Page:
I scowled impatiently as Andy Goldsworthy slowly, painfully moved through the brittle tree tops. His determination was impressive, his connection to nature intriguing and the crackling of bark satisfying — but I still hadn’t clicked. Where was the art in this pondering exploration of woodland compositions?
It might seem like an odd film choice for a Friday night. Surrounded by apparent OAPs in the Barbican Cinema, I did wonder myself if I’d made a mistake. But this beautifully shot documentary, delving into the mind of award winning sculptor Andy Goldsworthy was the perfect antidote to a long week of a thoroughly urban existential crisis. His commitment to and perception of the natural world pulls you in gently, until you too are seeing the world through a lens that seems to pause time, soften the edges and refocus. Colours and shapes sharpen. Your sense of movement heightens. Moments are grasped and let go, flitting away like his yellow Elm leaves on a breeze.
This serenity, that comes with calm observation, follows him even to the cities. Waiting for the rain, he sprawls out on the pavement as soon as those first drops hit the ground, while cars pass on by. It’s a strange sight, and to city folk he seems like a strange man. But once he peels himself away to reveal a pale inverted silhouette you can’t help but smile. A fleeting work of art, born of nature and wiped away — as it perhaps should be. It was the contrasting yellow elm leaves, trailing up grey city steps that struck me visually — orderly and yet beautifully delicate, but not straight. It was when he decided to walk directly through the bushes beside a footpath, the movement of leaves betraying the unusual activity, and emerging before continuing along the footpath, that I laughed. His expression gave no trace of the comic contrast to his fellow pedestrians — but it was both ridiculous and delicious.
Lessons learned from Andy Goldsworthy
Value moments but don’t cling to them, change is inevitable and loss inescapable. On the one hand Andy reveals that he wept when one of his favourite natural woodland compositions was de-limbed, after presuming it would remain intact long after he had passed. His sense of connection is that acute. On the other, he plays with imprints that are washed away by the rain, providing a refreshing playfulness that fully accepts the passing of time.
Art doesn’t need to be owned. As Andy works with natural materials, that evolve over time and require their natural setting, there is no question of ownership, and in some way this seems to take an element of ego away from the process. Taking earthy materials and giving it back to the landscape — could there be a more harmonious approach to art? No wonder he oozes serenity.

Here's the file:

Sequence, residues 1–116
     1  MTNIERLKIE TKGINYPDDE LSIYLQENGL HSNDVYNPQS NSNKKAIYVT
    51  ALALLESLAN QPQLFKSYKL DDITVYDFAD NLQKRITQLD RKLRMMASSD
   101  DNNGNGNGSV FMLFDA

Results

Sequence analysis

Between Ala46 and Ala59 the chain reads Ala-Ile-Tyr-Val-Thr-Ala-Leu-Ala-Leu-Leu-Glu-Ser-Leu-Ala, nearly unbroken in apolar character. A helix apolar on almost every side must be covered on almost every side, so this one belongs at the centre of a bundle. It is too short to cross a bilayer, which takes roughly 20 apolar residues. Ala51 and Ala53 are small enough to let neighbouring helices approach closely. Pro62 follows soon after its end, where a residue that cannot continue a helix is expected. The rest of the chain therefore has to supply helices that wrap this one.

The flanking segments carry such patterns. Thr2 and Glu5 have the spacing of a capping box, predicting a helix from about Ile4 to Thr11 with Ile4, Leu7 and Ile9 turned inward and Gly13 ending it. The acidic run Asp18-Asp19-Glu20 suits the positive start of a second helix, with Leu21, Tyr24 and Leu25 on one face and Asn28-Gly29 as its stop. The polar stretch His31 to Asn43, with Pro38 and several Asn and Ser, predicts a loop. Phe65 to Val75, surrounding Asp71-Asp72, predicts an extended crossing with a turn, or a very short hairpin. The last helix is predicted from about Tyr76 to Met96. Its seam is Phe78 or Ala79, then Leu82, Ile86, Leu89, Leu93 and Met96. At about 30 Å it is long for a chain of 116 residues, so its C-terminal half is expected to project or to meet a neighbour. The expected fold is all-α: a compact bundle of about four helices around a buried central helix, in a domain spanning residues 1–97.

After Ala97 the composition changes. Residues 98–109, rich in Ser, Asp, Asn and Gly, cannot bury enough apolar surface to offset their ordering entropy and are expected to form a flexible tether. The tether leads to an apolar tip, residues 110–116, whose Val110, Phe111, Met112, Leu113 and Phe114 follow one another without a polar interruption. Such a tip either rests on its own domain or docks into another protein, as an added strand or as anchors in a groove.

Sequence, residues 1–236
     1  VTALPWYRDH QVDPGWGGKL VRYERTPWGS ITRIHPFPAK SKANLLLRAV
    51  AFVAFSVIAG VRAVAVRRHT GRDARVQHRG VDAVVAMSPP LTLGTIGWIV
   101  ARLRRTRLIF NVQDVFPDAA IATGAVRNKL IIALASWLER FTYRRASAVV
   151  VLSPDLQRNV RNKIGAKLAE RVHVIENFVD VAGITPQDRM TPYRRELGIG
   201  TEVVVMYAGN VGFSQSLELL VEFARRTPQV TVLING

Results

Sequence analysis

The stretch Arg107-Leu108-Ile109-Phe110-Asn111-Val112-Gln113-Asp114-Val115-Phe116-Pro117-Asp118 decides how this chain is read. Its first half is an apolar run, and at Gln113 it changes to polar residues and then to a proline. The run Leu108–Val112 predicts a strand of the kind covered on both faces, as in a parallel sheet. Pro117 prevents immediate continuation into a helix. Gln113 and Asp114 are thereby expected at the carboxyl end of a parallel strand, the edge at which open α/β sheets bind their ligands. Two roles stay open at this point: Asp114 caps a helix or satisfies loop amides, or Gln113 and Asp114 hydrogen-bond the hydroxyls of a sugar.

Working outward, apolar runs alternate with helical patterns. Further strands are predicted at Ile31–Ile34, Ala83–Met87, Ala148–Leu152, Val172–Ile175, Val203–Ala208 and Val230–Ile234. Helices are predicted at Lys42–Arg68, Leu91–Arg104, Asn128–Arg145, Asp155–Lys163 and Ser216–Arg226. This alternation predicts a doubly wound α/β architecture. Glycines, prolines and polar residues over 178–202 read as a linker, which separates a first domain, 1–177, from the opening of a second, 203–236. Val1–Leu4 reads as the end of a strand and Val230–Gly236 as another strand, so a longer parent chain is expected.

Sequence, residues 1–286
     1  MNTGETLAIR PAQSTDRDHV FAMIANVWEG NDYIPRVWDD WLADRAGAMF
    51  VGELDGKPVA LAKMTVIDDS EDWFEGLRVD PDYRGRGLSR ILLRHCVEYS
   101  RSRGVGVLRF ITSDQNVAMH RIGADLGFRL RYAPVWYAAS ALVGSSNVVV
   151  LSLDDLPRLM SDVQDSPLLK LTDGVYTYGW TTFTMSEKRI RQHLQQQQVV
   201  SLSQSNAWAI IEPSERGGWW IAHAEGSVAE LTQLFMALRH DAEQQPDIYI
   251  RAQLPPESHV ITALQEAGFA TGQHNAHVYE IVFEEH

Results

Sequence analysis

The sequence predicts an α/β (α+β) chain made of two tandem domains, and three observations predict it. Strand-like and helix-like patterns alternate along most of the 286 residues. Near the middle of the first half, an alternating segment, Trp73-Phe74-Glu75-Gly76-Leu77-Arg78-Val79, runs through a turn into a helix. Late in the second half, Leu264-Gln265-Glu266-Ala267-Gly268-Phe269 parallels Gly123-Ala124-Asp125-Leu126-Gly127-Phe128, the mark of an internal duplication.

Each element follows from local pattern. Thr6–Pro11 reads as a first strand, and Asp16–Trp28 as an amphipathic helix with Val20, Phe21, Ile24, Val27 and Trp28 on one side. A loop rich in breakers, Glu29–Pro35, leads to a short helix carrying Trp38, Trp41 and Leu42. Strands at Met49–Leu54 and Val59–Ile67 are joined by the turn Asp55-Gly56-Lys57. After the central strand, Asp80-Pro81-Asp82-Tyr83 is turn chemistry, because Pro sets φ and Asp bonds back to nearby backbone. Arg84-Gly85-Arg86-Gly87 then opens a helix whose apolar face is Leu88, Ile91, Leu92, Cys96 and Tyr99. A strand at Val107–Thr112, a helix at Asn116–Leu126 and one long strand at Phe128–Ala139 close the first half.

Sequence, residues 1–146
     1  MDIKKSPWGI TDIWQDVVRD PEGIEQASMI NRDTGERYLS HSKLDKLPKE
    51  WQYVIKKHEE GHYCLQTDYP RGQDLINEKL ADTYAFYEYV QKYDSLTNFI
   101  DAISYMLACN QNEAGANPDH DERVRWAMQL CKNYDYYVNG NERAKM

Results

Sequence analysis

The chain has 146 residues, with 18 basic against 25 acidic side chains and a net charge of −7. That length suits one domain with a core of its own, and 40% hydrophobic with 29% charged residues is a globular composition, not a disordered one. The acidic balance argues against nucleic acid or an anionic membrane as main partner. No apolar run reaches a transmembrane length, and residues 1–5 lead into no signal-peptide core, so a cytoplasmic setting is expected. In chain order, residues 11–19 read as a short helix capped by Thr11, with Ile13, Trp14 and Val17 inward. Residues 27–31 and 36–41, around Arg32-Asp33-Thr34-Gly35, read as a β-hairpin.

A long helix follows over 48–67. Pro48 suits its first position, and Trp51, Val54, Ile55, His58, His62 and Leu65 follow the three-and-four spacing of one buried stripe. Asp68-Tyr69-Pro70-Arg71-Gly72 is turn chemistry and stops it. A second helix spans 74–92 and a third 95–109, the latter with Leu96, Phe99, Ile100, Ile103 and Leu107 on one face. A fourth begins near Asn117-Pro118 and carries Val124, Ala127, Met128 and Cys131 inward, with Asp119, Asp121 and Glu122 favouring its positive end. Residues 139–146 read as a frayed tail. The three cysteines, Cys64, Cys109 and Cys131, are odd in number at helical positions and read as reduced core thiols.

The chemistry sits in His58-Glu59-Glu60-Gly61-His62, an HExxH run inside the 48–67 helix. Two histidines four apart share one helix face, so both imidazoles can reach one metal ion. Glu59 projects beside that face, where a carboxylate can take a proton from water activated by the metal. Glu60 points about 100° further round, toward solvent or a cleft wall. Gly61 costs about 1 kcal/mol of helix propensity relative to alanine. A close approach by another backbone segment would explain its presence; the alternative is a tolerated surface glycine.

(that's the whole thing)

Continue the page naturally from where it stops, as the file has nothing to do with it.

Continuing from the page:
Life isn’t linear, so take alternative routes and embrace the journey. From tree tops to bushes and curving lines up city steps, Andy provides a new path. It’s a simple concept, but a powerful one — if simply watching it stirs an excitement in you, imagine what it feels like to truly carve your own way? Straight lines are over-rated, anyway.
Know your limits — you don’t need to overstep the mark. Andy woke up early and dragged the film crew to the mountains with his saw in tow, in order to carve into the bedrock. But looking out over the skyline he admits, it feels wrong to cut into the stone when it’s still intact. Indeed, the notion seemed to counter his connection to nature. He turned back and I was relieved for him.
Embrace the elements. That is all. Whether it’s soaking in the rain or leaning into the wind, Andy’s approach is exhilarating. The final shot is mesmerising, as he flails about in the wind before precariously leaning away from the mountain top, providing the right weight and angle to reach an equilibrium and balance out the wind. I wouldn’t try it at home, but it did make me want to hurl myself into the elements. TBC…
Needless to say, I overcame my impatience and left the Barbican in awe of Andy’s sensitivity to and connection with nature. I took the tube home still awash with peaceful contemplation. Is it even possible to have an existential crisis when you’re so at one with nature? Leaning into the wind provides an almost meditative experience and left me wondering how I can create my own space in London and breath some natural life into my daily existence — surely then, harmony will follow?